Masked Villain In French Comic Asterix Was Named "Coronavirus" In 2017

In the 37th edition of the ''Asterix and the Chariot Race,'' released in the year 2017, Asterix battles his way across Italy in a chariot race against the Romans.

Masked Villain In French Comic Asterix Was Named 'Coronavirus' In 2017

Asterix, a masked Roman villain with a reputation of stopping at nothing to win.

New Delhi:

While a virus outbreak with origins in the Chinese city of Wuhan marches out into the world in the new decade of 2020, a character in a 2017 Asterix comic series was actually called Coronavirus!

Asterix, the Gaul from the eponymous French comic faced Coronavirus, a masked Roman villain with a reputation of stopping at nothing to win.

In the 37th edition of the ''Asterix and the Chariot Race,'' released in the year 2017, Asterix battles his way across Italy in a chariot race against the Romans.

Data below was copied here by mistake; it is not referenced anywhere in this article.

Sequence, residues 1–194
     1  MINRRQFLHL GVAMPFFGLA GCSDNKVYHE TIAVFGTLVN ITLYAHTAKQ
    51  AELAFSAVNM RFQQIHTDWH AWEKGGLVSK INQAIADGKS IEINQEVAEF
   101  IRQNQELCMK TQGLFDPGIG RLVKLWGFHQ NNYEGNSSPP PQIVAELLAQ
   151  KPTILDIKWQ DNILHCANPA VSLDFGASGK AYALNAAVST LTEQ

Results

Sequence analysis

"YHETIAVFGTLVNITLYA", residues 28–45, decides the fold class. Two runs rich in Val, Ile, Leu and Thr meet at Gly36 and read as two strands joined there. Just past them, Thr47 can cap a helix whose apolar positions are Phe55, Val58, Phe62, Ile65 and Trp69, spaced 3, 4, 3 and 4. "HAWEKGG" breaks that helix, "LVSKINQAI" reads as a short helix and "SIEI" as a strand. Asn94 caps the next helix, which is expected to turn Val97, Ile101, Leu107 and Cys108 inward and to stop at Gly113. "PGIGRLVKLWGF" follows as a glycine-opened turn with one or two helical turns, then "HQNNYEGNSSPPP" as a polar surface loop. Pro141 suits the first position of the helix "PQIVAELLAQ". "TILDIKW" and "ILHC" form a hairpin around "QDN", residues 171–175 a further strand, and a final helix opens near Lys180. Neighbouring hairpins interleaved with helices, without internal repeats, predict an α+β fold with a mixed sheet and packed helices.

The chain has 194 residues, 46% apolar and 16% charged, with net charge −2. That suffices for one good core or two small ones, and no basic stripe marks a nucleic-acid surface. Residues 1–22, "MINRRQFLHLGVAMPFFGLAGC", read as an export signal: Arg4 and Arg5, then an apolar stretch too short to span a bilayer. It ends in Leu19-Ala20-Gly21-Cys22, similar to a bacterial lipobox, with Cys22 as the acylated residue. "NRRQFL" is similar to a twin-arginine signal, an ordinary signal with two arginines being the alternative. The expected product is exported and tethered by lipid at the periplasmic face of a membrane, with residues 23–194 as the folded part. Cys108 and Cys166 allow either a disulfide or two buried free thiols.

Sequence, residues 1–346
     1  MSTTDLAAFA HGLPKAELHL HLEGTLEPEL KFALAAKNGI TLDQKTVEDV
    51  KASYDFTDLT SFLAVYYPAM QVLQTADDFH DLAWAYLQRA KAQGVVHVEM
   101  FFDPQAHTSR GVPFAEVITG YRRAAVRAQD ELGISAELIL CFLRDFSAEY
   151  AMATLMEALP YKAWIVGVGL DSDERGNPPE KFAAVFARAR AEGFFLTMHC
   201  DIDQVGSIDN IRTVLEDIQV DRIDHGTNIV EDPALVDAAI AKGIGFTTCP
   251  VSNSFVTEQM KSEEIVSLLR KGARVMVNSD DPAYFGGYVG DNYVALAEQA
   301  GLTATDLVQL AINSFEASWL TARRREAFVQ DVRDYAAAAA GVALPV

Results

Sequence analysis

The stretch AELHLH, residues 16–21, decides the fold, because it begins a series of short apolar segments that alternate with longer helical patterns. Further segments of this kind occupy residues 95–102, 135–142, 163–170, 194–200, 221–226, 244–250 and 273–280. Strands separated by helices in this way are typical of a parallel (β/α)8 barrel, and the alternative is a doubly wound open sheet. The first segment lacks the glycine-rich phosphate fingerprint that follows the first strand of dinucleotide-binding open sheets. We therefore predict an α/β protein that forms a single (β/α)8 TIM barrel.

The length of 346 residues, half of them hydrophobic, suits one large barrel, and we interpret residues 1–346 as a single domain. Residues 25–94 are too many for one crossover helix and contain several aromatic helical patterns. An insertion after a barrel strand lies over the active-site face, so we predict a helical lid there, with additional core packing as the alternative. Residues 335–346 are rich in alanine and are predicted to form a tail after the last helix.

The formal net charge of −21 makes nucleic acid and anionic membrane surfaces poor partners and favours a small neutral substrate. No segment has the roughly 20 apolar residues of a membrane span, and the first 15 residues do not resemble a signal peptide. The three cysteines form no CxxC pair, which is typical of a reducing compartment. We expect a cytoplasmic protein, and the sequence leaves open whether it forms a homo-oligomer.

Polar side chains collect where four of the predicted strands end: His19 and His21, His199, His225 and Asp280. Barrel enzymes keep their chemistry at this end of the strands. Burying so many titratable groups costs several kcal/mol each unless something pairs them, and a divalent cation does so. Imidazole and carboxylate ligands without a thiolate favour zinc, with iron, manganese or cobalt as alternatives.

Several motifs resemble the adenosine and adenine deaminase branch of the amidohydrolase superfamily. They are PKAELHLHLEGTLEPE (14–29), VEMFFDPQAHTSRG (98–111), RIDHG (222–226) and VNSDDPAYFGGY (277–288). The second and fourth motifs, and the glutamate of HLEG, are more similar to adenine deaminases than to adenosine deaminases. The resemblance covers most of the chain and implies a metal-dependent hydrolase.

Written by Thibaut Deleaz, an illustration from the edition -- shared by Actor Jaaved Jaaferi on his twitter handle -- shows "the Masked Auriga, the Great coronavirus" being introduced.

"Here comes our favourite, straight from Rome! The Champion with MCDL XII victories! The one they call the ''The Masked Augira'', the great coronavirus, and his faithful bacillus," it says.

The original book ''Asterix et la Transitalique'' sek baaet in ancient Italy was released over two years before Wuhan reported its first case of the new strain of coronavirus in December 2019.

Written by Jean-Yves Ferri and drawn by Didier Conrad the comic features Asterix and his sidekick Obelix participate in a chariot race across Italy organised by senator Caesar across Italy. they have to contend with the villain named Coronavirus and his sidekick Bacillus.

Bacillus is the Latin term for bacteria!

It is interesting to note that Coronavirus the masked villainous chariot racer eventually failed to win.

Meanwhile, while the outbreak is recent, the word coronavirus is not new.

The World Health Organisation describes coronavirus as a large family of viruses that cause illness ranging from the common cold to more severe diseases such as Middle East Respiratory Syndrome (MERS-CoV) and Severe Acute Respiratory Syndrome (SARS-CoV).

The SARS-CoV was identified in the year 2003.